Moderna (NASDAQ:MRNA) is a white-hot COVID-19 stock just now. Onlookers have high hopes for mRNA-1273, the company's SARS-CoV-2 vaccine candidate, which is progressing rapidly through the development process. It's now well into phase 2 clinical testing, and the company has been given FDA approval to start a phase 3 study next month.

Many investors, it seems, are betting that the vaccine candidate will not only be successful, but successful early enough to garner a significant first-mover advantage. Given that nearly every rational human being on Earth will want and need vaccination against COVID-19, that market is set to be unimaginably massive.

It's an exciting possibility for Moderna, but investors have to bear a few things in mind once the dream wears off.

Businessman and businesswoman glancing at a screen to consider a decision.

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Firstly, as ever in the biotech world, we can't know if mRNA-1273 will ultimately prove efficacious. On top of that, Moderna is one of many companies and organizations working overtime to develop vaccines and treatments for COVID-19. Even mRNA-1273 works well enough to meet the requirements for a vaccine, other attempts could prove more effective, leaving Moderna at a disadvantage.  

Some of its rivals in this competition also have significant financial firepower, buttressed (like Moderna) by recent inflows of both public and private funds disbursed to aid the fight against the disease. A number also have global reach and a wide network of partners; I'm thinking in particular of Novavax and AstraZeneca, as well as pharmaceutical giants Pfizer and Merck.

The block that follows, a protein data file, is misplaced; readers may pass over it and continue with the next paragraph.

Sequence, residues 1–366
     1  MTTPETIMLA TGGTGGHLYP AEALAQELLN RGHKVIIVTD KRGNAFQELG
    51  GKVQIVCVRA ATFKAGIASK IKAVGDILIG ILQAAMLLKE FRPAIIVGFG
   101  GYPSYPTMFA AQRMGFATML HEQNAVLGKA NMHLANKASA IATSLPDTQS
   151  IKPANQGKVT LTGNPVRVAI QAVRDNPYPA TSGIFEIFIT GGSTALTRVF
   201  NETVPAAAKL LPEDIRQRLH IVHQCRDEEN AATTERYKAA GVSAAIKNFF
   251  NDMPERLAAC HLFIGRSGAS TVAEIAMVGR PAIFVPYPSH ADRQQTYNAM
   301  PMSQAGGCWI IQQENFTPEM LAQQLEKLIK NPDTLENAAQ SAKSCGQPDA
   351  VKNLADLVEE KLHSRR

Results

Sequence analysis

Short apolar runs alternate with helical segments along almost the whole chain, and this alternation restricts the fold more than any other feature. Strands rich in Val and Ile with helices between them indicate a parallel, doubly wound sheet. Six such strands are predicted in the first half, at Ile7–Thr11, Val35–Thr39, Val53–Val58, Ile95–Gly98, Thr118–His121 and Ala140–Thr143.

So the decision whether to sell comes down to how much you, as an investor, rate Moderna's chances in this crowded race -- a race in which early leads can fade, and not every competitor will even cross the finish line.

If you feel mRNA-1273 has a good shot at not only sailing through its clinical trials and getting enough runway to be the COVID-19 vaccine for a good stretch of time, I'd say you should hold on to the stock. Otherwise, if you bought early, consider unloading at least some of your position and banking your considerable share price gains.

This article represents the opinion of the writer, who may disagree with the “official” recommendation position of a Motley Fool premium advisory service. We’re motley! Questioning an investing thesis -- even one of our own -- helps us all think critically about investing and make decisions that help us become smarter, happier, and richer.